Zeinabu irene Davis (U.S., 1999). Zeinabu irene Davis in person. Compensation depicts two Chicago love stories, one set at the dawn of the twentieth century and the other in contemporary times, featuring a deaf woman and a hearing man. Incorporates sign language and title cards, making it accessible to both deaf and hearing audiences. Preceded by Iverson White’s Dark Exodus. (118 mins)

Sunday, October 28, 2012
7:00 p.m. Black Arts, Black Artists: Short Films
(U.S., 1971–88). This compilation of shorts celebrates black culture: Four Women (Julie Dash), Black Art, Black Artists (Elyseo J. Taylor), Define (O. Funmilayo Makarah), Bellydancing—A History & An Art (Alicia Dhanifu), and Festival of Mask (Don Amis). (75 mins)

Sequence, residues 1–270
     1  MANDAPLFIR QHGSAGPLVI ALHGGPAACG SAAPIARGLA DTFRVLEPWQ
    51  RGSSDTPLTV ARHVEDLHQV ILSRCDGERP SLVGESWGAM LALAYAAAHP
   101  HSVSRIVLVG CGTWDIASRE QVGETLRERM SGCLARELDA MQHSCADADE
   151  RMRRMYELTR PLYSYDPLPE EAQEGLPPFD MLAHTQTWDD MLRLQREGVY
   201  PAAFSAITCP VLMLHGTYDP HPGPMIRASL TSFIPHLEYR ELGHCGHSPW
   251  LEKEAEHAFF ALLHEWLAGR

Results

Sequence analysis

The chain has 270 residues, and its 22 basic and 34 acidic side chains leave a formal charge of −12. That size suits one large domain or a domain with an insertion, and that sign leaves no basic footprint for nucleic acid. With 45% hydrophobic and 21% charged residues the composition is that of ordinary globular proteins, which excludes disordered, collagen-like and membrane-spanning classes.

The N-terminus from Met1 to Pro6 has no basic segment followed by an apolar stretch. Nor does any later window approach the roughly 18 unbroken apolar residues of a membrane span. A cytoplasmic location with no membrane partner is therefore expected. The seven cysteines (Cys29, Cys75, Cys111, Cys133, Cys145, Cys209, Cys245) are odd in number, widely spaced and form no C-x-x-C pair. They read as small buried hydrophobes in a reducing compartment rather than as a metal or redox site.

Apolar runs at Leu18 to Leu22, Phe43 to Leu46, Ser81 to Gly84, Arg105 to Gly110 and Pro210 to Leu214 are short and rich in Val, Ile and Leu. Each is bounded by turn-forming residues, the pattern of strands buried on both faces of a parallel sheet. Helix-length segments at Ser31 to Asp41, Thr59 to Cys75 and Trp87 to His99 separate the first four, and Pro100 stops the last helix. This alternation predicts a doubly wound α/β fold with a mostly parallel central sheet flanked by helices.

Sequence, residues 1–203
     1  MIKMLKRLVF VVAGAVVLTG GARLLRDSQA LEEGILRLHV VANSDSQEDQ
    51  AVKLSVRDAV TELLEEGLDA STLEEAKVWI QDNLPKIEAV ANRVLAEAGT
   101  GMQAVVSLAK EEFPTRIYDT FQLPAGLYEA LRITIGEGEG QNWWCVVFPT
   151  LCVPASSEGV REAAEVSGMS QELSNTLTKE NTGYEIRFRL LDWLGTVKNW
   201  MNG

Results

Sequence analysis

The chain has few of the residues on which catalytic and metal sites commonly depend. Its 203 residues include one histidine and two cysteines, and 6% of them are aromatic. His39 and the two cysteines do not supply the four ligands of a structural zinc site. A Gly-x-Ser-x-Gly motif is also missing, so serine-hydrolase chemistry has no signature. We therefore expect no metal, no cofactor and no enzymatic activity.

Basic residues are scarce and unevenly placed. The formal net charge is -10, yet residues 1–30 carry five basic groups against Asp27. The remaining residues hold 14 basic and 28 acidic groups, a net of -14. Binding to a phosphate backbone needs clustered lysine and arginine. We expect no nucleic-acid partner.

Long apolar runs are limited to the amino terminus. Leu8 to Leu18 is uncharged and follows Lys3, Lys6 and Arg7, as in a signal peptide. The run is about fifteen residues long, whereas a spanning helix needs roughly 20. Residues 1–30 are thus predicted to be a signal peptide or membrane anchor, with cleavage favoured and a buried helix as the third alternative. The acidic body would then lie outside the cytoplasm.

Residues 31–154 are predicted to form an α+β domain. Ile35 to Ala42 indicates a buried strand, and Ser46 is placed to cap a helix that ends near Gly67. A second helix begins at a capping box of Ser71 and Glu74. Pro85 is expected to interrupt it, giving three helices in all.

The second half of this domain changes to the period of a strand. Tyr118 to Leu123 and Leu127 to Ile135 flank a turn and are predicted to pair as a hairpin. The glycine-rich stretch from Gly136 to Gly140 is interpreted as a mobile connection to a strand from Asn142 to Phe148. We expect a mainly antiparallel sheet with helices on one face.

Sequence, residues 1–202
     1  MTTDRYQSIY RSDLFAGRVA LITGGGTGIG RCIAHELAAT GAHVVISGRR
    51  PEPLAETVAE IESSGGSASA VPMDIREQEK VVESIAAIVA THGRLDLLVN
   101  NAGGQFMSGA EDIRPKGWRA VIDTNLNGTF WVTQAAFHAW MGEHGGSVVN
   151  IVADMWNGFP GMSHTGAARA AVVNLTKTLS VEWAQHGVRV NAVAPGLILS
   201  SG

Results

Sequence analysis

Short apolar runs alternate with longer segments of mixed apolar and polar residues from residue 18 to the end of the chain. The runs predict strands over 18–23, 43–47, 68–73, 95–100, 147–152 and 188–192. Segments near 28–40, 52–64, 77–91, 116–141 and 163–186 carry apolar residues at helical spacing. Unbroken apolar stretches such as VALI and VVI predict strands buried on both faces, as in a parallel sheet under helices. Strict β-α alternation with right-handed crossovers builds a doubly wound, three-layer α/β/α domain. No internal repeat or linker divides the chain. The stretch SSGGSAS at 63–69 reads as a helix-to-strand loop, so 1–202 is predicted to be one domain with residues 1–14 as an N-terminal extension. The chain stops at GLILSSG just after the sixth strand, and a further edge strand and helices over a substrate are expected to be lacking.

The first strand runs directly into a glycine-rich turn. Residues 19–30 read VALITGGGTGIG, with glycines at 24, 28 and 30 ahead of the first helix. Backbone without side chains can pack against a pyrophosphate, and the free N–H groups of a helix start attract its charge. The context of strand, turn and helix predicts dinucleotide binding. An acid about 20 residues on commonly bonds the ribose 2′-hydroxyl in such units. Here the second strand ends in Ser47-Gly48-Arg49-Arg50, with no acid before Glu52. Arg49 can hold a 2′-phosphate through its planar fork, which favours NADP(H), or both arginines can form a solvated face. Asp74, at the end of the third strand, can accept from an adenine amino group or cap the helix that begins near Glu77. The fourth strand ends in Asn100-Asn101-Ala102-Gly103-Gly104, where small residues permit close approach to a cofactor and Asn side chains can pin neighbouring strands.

Tuesday, October 30, 2012
7:00 p.m. Child of Resistance and Short Films
Haile Gerima (U.S., 1972). Inspired by a dream director Haile Gerima had after seeing Angela Davis handcuffed on television, Child of Resistance follows a woman (Barbara O. Jones) who has been imprisoned as a result of her fight for social justice. With shorts Brick by Brick (Shirikiana Aina), L.A. in My Mind (O. Funmilayo Makarah), Rain (Melvonna Ballenger), and the collaborative piece Dawn at My Back: Memoir of a Black Texas Upbringing (excerpt). (83 mins)

L.A. Rebellion is presented in association with the UCLA Film & Television Archive and supported in part by grants from the Getty Foundation and The Andy Warhol Foundation for the Visual Arts. The series is curated by Allyson Nadia Field, Jan-Christopher Horak, Shannon Kelley, and Jacqueline Stewart, and coordinated at BAM/PFA by Kathy Geritz. All prints and tapes are provided by UCLA Film & Television Archive, unless indicated otherwise. Introduction and film notes are adapted from the series catalog, available at the screenings.